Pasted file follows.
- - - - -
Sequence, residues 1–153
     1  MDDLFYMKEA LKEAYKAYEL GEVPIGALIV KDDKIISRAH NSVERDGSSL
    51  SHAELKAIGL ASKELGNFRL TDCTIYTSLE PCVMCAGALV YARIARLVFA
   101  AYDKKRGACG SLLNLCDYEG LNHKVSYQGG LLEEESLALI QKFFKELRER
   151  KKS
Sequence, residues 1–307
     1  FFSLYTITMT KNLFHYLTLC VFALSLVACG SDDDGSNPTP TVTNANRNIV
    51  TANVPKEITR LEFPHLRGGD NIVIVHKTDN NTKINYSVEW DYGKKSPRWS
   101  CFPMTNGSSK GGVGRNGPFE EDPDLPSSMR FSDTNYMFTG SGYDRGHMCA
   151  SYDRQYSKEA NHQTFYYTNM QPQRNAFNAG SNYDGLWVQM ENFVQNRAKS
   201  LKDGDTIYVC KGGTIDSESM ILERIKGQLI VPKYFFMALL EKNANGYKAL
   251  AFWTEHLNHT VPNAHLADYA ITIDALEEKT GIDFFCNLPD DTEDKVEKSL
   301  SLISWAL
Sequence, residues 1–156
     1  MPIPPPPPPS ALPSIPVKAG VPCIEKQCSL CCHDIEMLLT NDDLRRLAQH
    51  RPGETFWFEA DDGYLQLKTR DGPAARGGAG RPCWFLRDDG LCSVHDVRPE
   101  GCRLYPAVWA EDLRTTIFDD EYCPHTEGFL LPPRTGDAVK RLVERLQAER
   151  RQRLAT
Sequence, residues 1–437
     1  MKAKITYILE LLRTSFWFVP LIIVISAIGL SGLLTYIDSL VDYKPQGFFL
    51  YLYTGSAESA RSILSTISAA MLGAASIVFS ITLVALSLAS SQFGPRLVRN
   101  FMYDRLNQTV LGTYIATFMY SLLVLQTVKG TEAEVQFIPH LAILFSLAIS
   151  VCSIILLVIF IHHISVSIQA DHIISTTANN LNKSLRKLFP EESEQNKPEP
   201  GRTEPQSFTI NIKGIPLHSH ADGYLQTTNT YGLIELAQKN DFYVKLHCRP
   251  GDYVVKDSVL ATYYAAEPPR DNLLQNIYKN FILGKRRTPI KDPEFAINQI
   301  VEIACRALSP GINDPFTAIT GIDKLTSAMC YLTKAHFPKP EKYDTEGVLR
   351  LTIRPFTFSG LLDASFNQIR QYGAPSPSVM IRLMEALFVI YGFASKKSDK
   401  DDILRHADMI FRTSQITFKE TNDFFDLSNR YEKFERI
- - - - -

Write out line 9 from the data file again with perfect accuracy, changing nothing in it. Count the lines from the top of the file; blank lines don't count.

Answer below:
   101  CFPMTNGSSK GGVGRNGPFE EDPDLPSSMR FSDTNYMFTG SGYDRGHMCA